News Flash: Raw Milk is Dangerous

One of the prevailing "healthy eating" trends today is the shift away from processed foods toward foods that are more "organic", more "natural"--in a word: RAW.  One needs look no further than the popular Paleo diet, which purports that the ideal diet for humans is that which cavemen would have been able to eat thousands of years ago.  Part of this food fanaticism movement has included backlash on state municipalities for laws which currently limit or outlaw the sale or distribution of raw milk.  So, let this be a Public Service Announcement: raw milk is dangerous.

Let's be clear: raw milk is milk which has not undergone pasteurization-- the process which is specifically intended to eliminate pathogenic microbes in the milk.  Those pathogens include bacteria such as E. coli, Salmonella, and Listeria, as well as parasites and viruses.  Here is a recent news article detailing a deadly listeria outbreak linked to raw milk.  You may remember Listeria from other news stories in the past (here and here).  The effects of exposure to these pathogens is not always as simple as 'stomach bug' type illness.  The pathogens that pasteurization eliminates are those which can cause Typhoid Fever, Tuberculosis, and Norovirus.  Here are the facts:

Listeria alone: 1600 illnesses, 260 deaths every year

Illnesses specifically tied to raw milk: Between 1998 and 2011, 2,384 illnesses, 284 hospitalizations, and 2 deaths

How risky is raw milk, really?  Here is a fantastic research paper on the topic-- rather than summarizing, I will simply quote a portion of the paper:

Total milk production in the United States in 2010 was estimated at 193 billion pounds, suggesting that ≈2.7 trillion pounds of milk were consumed during the 14 years from 1993 through 2006 (27). If 1% of dairy products were consumed nonpasteurized, then during these 14 years, 73 outbreaks were caused by the 27 billion pounds of nonpasteurized dairy products that were consumed and 48 by the 2,673 billion pounds of pasteurized products that were consumed. Therefore, the incidence of reported outbreaks involving nonpasteurized dairy products was ≈150× greater, per unit of dairy product consumed, than the incidence involving pasteurized products. If, as is probably more likely, <1% of dairy products are consumed nonpasteurized, then the relative risk per unit of nonpasteurized dairy product consumed would be even higher. (emphasis added)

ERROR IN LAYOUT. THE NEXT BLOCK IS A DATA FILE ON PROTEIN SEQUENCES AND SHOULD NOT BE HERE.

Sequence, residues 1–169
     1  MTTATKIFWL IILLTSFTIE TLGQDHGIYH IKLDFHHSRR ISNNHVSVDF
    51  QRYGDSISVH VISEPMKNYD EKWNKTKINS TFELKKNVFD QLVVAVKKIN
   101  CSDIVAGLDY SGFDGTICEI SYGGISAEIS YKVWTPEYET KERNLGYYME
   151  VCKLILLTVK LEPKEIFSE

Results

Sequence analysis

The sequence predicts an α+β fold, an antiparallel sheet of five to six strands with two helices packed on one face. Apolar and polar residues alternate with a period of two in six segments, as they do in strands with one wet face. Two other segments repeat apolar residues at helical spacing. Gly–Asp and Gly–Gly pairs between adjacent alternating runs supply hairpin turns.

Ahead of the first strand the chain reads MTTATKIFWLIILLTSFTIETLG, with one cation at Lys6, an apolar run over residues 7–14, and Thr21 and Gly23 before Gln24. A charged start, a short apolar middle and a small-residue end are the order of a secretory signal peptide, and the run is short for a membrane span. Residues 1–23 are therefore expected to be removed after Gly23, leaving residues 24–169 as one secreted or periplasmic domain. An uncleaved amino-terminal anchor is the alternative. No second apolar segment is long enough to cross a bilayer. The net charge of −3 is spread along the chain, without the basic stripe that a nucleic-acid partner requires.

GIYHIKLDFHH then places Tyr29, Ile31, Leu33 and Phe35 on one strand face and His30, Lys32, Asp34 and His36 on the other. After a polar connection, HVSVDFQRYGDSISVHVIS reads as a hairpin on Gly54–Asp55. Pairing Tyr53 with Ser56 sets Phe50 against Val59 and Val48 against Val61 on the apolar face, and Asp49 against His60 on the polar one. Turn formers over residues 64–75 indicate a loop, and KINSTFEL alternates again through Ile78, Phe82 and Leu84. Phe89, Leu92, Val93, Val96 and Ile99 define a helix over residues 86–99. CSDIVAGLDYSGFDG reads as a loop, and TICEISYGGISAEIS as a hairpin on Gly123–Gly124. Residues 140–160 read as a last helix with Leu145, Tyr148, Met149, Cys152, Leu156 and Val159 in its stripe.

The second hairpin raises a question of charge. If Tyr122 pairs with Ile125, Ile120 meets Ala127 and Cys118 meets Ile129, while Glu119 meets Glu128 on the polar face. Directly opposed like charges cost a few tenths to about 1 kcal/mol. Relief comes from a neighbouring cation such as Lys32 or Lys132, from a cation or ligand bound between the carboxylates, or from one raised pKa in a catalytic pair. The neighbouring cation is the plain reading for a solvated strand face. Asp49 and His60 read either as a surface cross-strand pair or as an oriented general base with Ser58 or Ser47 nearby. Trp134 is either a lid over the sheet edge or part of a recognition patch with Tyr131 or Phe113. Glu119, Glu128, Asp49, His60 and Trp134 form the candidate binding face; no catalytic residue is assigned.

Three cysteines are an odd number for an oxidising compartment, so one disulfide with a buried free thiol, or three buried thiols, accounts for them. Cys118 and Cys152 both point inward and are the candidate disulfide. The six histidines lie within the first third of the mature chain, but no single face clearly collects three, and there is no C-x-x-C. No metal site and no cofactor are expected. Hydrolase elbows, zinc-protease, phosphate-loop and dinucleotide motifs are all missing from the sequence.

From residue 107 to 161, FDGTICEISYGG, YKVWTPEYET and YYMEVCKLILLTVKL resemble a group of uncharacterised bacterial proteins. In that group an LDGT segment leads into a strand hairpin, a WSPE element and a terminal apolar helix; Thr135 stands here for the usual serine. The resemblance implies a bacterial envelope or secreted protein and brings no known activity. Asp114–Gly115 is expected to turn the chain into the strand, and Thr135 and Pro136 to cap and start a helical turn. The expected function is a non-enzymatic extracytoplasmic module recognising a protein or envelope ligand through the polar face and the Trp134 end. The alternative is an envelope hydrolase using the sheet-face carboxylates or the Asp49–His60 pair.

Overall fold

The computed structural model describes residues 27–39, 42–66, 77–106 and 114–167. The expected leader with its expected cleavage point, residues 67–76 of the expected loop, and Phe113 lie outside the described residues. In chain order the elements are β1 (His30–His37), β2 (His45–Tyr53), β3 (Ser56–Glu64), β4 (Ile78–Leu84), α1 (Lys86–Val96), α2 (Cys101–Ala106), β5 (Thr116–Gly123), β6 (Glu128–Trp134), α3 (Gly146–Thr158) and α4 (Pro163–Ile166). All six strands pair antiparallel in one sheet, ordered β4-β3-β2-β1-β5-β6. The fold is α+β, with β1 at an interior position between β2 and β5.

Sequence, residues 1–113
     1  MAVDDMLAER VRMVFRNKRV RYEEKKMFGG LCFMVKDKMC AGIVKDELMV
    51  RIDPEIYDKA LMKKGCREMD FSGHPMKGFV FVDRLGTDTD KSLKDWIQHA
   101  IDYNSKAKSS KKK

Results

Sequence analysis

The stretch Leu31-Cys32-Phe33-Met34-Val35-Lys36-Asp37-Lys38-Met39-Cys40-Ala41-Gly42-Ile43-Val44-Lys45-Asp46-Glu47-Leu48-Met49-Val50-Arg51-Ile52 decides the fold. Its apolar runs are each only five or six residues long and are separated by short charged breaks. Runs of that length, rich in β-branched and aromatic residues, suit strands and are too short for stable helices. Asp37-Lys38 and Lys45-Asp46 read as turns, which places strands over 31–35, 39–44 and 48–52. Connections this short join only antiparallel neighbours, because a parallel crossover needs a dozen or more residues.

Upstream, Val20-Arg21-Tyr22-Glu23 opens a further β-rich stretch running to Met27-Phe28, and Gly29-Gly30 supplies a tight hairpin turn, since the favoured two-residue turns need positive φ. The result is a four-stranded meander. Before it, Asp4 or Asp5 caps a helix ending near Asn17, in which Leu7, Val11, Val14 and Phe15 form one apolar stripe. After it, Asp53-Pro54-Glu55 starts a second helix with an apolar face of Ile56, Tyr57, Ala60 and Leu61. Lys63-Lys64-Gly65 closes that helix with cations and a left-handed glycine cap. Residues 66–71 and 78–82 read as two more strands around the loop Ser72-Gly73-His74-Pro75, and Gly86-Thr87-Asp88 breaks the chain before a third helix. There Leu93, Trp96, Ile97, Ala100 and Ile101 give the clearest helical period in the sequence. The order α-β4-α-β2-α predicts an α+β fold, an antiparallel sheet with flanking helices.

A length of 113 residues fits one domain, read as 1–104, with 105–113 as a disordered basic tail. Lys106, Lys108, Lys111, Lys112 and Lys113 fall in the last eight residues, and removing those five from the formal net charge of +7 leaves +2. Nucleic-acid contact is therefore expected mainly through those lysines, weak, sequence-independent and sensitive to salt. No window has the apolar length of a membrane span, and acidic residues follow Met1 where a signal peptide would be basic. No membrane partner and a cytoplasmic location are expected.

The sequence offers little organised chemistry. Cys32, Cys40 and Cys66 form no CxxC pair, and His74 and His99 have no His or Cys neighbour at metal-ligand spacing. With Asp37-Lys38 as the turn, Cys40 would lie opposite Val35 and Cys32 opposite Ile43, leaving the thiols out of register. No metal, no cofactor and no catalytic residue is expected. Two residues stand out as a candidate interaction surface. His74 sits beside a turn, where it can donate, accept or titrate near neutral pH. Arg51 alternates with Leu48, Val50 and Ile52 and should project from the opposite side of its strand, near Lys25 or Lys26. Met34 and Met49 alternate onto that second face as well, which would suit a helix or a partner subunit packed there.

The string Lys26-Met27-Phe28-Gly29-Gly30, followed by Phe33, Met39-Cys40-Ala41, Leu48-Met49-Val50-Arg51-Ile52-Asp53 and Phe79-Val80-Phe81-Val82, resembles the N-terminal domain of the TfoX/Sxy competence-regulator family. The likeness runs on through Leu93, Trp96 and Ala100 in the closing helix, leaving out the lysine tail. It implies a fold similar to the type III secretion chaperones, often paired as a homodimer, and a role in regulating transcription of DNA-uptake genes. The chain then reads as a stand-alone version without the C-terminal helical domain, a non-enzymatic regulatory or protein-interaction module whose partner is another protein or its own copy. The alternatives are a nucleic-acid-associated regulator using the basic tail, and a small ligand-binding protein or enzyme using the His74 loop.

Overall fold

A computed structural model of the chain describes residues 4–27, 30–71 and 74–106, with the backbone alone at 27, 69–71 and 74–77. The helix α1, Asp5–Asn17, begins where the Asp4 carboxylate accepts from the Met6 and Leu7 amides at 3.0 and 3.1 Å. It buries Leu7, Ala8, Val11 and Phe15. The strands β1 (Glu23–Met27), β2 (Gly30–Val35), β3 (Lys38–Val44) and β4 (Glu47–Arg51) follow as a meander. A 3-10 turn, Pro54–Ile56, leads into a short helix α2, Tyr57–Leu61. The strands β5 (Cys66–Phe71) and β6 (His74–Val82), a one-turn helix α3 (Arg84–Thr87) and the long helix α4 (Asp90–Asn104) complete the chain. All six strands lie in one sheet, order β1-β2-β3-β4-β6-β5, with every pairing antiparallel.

Raw dairy consumption is 150 times more likely to make you sick than pasteurized dairy products.  Let's put that in perspective: if drinking raw milk made you 150 times more likely to get in a car accident, you'd get in a car accident once every month on average, and would most likely die in one within 15 years. 150 times greater is the difference between running a marathon and running from LA to New York, and then back to Denver

So why would anyone consume food which is clearly related to an elevated risk of illness and death?  For the purported health benefits, of course!  The only trouble is that those health benefits-- 
have largely been scientifically debunked.  Another reason may simply be the misunderstanding of what pasteurization is.  With a scary word like that, it must involve antibiotics, hormones, or some other non-natural chemical treatment (hint: it doesn't).  

If you're a fan of tragic irony and anecdotal evidence, here's an article about lawmakers falling ill by consuming raw milk after celebrating the legalization of raw milk.

So, I leave it to the informed consumer to decide how the risk-benefit scales are tipped: a heightened risk of illness, hospitalization, and death for anecdotal and scientifically unproven health benefits.  It's not uncommon for some among our species to choose a much more dangerous way of living without any tangible benefit.


  1. Not to mention the satisfaction of drinking milk straight from the udder.